It’s always nice to see someone use a position of power to lend a helping hand with absolutely no hint of an ulterior motive.
George W. Bush warmed the hearts of his biggest critics this week with the revelation by University of Alabama kicker Cade Foster that the former President had sent him a personal letter of support. Foster has received a ton of criticism for his role in the Alabama loss to hated rival Auburn after having a field goal blocked and missing two others, including one that was returned for the game-winning score.
The letter that Foster tweeted reads:
Dear Cade (#43), Life has its setbacks. I know!
However, you will be a stronger human with time.
I wish you all the best.
Sincerely — another 43, George W. Bush
(Bush was the 43rd President- you see what he did there?)
In the interest of being fair and balanced, we should point out that this is not the first example of a President offering a letter of support for a nationally-maligned college athlete.
In 1993, The University of Michigan men’s basketball team was made up of a collegiate Dream Team known as the Fab Five. The team included future NBA standouts Chris Webber, Juwan Howard and Jalen Rose. The Wolverines had lost in the NCAA Championship game the year before, but made it to the finals again.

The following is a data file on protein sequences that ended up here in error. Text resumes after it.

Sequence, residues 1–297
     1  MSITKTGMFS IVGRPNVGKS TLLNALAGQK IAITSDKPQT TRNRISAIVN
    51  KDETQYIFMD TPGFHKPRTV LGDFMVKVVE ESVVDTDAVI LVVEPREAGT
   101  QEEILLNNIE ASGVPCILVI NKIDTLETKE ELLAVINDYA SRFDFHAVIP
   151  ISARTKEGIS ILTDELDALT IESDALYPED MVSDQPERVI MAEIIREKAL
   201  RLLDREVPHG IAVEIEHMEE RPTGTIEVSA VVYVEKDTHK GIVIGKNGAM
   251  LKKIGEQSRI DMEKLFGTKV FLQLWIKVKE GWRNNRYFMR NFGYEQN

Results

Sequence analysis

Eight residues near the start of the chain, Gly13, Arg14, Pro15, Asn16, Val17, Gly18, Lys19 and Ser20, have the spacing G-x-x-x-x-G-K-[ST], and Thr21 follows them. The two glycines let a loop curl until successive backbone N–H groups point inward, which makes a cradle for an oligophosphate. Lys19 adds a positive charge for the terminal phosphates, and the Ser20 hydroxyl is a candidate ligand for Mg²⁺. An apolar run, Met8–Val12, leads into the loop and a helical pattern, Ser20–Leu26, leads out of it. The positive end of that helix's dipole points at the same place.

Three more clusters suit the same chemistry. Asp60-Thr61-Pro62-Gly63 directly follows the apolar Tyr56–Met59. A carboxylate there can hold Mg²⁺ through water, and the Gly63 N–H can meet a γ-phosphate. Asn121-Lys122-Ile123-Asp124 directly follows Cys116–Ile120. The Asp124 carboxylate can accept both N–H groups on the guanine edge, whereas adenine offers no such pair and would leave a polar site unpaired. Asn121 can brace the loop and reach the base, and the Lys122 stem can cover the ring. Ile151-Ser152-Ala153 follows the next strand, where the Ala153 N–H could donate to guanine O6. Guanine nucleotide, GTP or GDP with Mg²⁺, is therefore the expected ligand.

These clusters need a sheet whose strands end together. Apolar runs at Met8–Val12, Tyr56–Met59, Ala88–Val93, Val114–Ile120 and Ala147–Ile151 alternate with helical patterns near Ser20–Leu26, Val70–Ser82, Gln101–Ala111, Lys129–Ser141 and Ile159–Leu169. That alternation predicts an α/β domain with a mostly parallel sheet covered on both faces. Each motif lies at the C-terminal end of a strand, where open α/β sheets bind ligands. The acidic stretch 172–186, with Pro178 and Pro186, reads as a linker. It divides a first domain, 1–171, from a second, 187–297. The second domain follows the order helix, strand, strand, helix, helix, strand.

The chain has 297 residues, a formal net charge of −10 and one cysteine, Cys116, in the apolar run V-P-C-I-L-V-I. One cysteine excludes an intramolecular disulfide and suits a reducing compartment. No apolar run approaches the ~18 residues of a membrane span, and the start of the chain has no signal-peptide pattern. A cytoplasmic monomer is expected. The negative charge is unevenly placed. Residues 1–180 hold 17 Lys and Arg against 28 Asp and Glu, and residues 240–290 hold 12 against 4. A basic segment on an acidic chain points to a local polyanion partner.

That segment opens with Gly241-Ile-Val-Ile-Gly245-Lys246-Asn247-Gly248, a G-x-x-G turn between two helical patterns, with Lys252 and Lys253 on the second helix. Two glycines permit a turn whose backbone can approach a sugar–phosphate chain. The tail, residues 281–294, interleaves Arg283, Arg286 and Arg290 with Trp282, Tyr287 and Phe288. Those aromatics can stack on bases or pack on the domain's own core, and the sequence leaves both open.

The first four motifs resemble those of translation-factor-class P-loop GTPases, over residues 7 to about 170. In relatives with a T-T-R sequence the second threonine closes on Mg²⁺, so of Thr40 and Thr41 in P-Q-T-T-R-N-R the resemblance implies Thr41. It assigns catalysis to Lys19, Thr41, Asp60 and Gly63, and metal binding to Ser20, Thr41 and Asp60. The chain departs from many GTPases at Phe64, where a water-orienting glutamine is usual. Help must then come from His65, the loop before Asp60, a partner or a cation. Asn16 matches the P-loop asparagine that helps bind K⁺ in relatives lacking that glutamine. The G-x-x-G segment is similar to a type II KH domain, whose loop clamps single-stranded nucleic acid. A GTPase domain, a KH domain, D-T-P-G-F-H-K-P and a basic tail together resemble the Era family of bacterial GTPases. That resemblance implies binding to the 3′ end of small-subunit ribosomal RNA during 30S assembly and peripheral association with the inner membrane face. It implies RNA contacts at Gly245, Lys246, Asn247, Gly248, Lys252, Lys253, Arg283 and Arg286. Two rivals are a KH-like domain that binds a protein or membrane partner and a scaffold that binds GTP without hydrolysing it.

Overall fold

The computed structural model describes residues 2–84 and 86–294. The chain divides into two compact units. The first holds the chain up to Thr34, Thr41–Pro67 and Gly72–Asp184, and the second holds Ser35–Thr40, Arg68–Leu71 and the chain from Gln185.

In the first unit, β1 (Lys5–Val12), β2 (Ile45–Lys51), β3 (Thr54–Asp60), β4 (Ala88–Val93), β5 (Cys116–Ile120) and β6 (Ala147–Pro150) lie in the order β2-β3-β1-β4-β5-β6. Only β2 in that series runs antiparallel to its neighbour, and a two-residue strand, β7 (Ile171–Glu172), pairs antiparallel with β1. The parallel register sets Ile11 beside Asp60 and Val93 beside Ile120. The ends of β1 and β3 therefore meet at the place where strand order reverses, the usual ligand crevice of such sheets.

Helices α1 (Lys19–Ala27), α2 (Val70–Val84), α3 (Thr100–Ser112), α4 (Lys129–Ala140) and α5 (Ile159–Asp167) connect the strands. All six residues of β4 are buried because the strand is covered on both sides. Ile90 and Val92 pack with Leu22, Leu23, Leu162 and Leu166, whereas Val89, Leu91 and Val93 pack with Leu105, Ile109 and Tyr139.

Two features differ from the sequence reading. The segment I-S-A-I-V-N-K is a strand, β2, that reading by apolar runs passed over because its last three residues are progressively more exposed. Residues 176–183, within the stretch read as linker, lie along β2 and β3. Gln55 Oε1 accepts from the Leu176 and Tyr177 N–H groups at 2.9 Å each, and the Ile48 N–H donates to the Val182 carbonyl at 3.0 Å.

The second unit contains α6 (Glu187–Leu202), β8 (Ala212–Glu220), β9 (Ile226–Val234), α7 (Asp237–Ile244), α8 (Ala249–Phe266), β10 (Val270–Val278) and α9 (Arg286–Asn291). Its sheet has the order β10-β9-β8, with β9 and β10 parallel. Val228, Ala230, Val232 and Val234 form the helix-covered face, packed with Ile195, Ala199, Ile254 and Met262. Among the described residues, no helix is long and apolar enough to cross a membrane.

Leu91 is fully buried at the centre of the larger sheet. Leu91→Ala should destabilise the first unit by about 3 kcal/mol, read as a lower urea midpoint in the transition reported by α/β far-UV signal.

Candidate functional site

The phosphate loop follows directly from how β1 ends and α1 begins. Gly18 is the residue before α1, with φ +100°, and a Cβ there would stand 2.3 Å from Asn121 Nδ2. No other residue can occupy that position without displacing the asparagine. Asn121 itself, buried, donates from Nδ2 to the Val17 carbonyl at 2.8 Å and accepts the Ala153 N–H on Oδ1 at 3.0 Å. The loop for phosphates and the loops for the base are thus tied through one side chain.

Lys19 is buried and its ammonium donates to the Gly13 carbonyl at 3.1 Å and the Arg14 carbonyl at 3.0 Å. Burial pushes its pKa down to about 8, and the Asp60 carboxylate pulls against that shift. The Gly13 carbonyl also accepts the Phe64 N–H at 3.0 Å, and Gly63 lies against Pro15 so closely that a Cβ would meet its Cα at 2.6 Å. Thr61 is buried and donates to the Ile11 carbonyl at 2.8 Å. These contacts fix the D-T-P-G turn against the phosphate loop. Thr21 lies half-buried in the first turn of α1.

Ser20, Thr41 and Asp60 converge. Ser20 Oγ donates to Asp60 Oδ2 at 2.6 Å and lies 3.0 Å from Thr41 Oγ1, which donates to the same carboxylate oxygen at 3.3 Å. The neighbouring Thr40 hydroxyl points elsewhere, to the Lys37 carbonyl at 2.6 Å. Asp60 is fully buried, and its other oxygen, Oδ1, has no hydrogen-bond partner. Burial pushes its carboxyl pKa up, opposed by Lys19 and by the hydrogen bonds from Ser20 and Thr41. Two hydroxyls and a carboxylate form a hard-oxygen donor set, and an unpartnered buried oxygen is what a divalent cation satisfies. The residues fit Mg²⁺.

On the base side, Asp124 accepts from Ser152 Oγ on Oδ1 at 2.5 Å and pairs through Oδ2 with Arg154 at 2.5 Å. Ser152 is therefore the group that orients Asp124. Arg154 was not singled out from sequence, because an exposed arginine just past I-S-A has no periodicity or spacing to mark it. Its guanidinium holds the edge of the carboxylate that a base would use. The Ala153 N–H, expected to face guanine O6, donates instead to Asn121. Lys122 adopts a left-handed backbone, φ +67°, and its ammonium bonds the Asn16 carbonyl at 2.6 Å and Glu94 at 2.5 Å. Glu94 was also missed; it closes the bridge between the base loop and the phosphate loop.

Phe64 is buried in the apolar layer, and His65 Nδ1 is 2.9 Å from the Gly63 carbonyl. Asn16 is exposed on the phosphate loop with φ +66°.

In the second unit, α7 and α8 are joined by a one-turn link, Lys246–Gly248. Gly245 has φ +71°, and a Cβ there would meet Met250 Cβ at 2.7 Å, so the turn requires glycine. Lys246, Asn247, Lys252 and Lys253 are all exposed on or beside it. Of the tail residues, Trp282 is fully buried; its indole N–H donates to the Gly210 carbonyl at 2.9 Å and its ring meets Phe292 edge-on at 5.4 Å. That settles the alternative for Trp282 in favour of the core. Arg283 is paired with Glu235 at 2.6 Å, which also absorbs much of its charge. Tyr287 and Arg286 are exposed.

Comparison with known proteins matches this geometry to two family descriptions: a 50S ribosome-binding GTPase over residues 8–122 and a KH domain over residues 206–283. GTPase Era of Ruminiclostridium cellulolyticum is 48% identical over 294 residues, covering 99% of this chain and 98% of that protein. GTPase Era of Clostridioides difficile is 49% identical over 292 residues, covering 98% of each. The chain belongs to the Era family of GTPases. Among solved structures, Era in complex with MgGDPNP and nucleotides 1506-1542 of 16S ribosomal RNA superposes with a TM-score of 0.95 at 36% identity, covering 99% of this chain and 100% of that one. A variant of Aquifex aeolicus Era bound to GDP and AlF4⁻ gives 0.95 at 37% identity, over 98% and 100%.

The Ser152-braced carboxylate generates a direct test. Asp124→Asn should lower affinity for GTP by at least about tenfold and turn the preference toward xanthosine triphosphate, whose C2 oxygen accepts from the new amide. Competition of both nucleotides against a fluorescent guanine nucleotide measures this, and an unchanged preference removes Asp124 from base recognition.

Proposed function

This time, with his team down by 2 points with only 11 seconds to play, Webber called a timeout when his team had already used all its timeouts. The result was a technical foul which let the University of North Carolina score two more points to seal the victory.
Like Foster at Alabama, Webber was also a goat on a national stage, but then-President Bill Clinton reached out to him by letter as well:
His letter reads:
I have been thinking of you a lot since I sat glued to the TV during the championship game.
I know that there may be nothing I or anyone else can say to ease the pain and disappointment of what happened.
Still, for whatever it’s worth, you, and your team, were terrific. And part of playing for high stakes under great pressure is the constant risk of mental error. I know. I have lost two political races and made countless mistakes over the last twenty years. What matters is the intensity, integrity, and courage you bring to the effort. That is certainly what you have done. You can always regret what occurred but don’t let it get you down or take away the satisfaction of what you have accomplished.
You have a great future. Hang in there.
Sincerely, Bill Clinton
It’s also always nice to be reminded that, regardless of ideology or political beliefs, we can still find things to unite us. *cough*Sports*cough*
— Photo [main] Cade Foster
— Photo [inset] Eric Montross /AP